I was just wondering what are the real differences between tremolo and vibrato. Are those two different words for the same concept? Which one is used in opera singing? I searched to find the exact meaning but I still couldn't find the real meaning out of them.
Vibrato is pretty easy to define because there is one widely agreed-upon definition: a deliberate, regular, periodic change in pitch (like a controlled warble), generally much less than a semitone, sometimes as much as a quarter-tone or more up and down. Vibrato is commonly used as a performance technique by vocalists (including opera singers), players of string instruments, and guitarists, among others.
Vibrato is also available as an electonic effect commonly used for electronic keyboard instruments, electric guitars, and other electric, electronic, or electrified instruments.
Tremolo (1) (my numbering) is rapid repetition of a single note or repetition of two different notes that are usually separated by more than a whole step. Whole or half step separations would usually be considered a trill, but a sequence of tremolos might have whole or half step separations in some parts and still be notated and described as "tremolo". Tremolo (1) is most commonly used in bowed or plucked instruments.
This kind of tremolo is notated as follows:
I believe there may be cases of tremolo (1) involving more than two notes, but one and two note are the most common types.
Tremolo (2) is a rapid variation in volume, dynamics, or intensity. As far as I know, this is primarly done electronically for electric or electronic instruments. Electronic tremolo is available in electronic effect form, like vibrato, and also possible as a performance technique using the volume or level controls on some instruments. The electronic effect can also be applied to acoustic instruments or voice either during the mixing process of producing a recording, or as part of amplification of the instrument during a live show. This can be heard on Robert Plant's voice in "Hats Off to (Roy) Harper" by Led Zeppelin.
Tremolo (3) is also used to mean vibrato or a combination of vibrato and tremolo (2). This sense of tremolo also applies mainly to electric and electronic instruments, and it's possible that this usage of the word comes from the introduction of the "tremolo bridge" (which actually creates the above vibrato effect when used) on the Fender Stratocaster. The arm used to operate a "tremolo bridge" is famously called a "whammy bar". Sometimes a "tremolo bridge" is more properly called a "vibrato tailpiece".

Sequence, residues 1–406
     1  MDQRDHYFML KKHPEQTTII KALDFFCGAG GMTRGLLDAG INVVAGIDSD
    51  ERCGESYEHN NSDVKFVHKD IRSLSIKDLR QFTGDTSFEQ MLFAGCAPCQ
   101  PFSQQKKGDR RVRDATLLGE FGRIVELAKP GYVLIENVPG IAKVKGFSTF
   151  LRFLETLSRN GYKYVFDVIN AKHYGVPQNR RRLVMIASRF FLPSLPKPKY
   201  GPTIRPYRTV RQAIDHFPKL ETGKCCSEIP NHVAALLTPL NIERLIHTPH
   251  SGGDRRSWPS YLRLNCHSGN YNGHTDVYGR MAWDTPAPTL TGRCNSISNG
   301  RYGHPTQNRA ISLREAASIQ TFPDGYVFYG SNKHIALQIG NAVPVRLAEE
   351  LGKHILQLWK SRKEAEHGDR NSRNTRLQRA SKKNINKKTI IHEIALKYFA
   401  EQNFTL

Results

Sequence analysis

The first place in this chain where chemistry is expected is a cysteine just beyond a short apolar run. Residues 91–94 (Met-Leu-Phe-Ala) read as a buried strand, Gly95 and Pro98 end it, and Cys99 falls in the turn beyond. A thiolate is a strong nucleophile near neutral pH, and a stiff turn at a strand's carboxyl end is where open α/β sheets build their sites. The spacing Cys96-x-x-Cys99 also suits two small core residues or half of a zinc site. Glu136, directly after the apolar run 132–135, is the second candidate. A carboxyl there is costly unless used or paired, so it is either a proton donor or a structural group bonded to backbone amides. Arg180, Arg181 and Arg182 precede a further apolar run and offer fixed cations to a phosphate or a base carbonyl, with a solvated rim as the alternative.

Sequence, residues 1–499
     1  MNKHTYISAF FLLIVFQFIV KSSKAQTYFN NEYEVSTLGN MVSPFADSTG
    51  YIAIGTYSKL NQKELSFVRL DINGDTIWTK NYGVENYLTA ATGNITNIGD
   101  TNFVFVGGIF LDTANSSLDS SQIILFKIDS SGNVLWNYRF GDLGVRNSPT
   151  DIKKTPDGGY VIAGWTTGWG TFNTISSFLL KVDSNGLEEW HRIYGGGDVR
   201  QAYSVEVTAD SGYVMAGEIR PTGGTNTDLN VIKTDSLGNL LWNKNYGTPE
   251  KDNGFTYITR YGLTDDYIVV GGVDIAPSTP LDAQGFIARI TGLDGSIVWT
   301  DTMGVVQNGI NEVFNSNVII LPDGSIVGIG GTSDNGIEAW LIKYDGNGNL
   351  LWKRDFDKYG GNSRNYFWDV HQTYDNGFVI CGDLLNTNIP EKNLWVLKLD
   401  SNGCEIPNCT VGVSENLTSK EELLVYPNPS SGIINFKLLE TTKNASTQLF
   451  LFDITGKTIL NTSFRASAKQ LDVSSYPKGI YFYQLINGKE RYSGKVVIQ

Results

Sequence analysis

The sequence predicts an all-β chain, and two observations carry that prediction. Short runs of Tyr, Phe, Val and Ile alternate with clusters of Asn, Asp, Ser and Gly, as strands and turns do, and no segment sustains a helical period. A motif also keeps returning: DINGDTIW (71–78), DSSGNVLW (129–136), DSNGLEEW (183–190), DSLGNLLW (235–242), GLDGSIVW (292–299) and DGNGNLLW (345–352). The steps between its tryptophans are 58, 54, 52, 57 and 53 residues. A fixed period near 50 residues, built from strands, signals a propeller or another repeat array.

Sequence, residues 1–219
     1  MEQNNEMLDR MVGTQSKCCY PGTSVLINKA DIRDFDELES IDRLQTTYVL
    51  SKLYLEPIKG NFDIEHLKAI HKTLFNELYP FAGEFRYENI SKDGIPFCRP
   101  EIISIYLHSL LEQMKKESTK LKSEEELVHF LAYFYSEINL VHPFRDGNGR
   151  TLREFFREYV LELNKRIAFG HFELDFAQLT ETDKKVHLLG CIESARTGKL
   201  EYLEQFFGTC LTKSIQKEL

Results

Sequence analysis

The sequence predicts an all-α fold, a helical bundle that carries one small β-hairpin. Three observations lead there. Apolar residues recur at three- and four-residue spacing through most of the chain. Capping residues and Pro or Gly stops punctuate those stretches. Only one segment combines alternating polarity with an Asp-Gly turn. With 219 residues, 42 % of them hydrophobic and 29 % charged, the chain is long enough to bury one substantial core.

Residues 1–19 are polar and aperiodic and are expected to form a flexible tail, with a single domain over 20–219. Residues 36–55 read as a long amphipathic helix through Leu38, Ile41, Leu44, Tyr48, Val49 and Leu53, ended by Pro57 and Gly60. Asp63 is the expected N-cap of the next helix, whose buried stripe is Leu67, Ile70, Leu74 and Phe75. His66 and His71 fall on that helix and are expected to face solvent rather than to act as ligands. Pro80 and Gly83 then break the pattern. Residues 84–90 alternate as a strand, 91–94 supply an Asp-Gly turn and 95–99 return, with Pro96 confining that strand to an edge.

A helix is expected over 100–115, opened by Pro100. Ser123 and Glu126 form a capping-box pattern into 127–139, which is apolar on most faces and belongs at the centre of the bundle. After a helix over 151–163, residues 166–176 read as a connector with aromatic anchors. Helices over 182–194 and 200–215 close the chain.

An example of an electronic device that produces both a vibrato and tremolo (2) effect:
A Fender Stratocaster "tremolo bridge" that actually produces a vibrato sound when used:
Tremolo is essentially a variation in volume, vibrato in pitch. They are nicely separated with bowed strings where "vibrato" is done by a variation in the fingering hand, and tremolo is done by a rapid back-and-forth of the bow on the same spot.
However, lots of instruments have things they call "tremolo" or "vibrato". There is also the non-instrument specific concept of "tremolo" as a rapidly repeated note or chord or alteration of notes or chords.
Instrument-specific executions may have separate names (like the "bellow shake" on an accordion). Quite usual is the execution for single-note tremoli by alternating between two to four fingers (like on piano or guitar).
For wind instruments and voice, what could be considered sort-of-tremolo is rather called "vibrato": a certain regular variation in loudness achieved by an elasticity in the breath control and (in the case of the voice) a relaxed throat and voicebox. The resulting slight variation of both pitch and volume is called just "vibrato".
For the accordion, "tremolo" is mainly used for a registration of two to three reeds which are deliberately slightly out of tune resulting in an undulating tone. The term "vibrato" instead is used for using the same kind of movement on the keyboard that a string player would use on the string. This does not actually result in any pitch variation (as the pitch of most free reed instruments is intentionally quite fixed) but in rather subtle pressure and consequently loudness variations via the bellows.
Indeed, such a "vibrato" will work even with an acoustic piano though considerably more subtly there.
So all in all, there is some overlap to how "tremolo" and "vibrato" are used, with tremolo used for pretty tangible changes in loudness (and usually with repetitive manual attacks of a note/chord except when talking about tremulating registers in accordion or organ or other wind instruments), with vibrato being reserved to slight periodic variations primarily (but not entirely so) of pitch.
Tremolo is alternating between two different tones, which are separately notated in the score. These might be quite close (a half-tone or full tone apart) or an octave apart.
Vibrato is a sort of enriching a tone by slight or (depending on the performer:) not so slight variations in pitch; in the score you will typically not find anything, but the performer decides, which tones deserve which amount. Surely this latter one is much more common in opera singing. For string instruments tremolo is typically produced by small movements in the finger pressing against the string, for woodwind instruments variation in the tension of the diaphragm is needed.
Tremolo is the rapid reiteration of very short notes that for the guitar gives the illusion of sustain.
Vibrato is an effect on the guitar that is done by moving pulling the string up and down to move the pitch up to a full semitone.
Which is used in Opera singing?
Natural Vibrato is part of singing. It is done by the rapid alternation between two notes. Tremolo to me is a stringed instrument technique. I doubt singers who sustain basically for as long as they can hold their breath would have any use for it.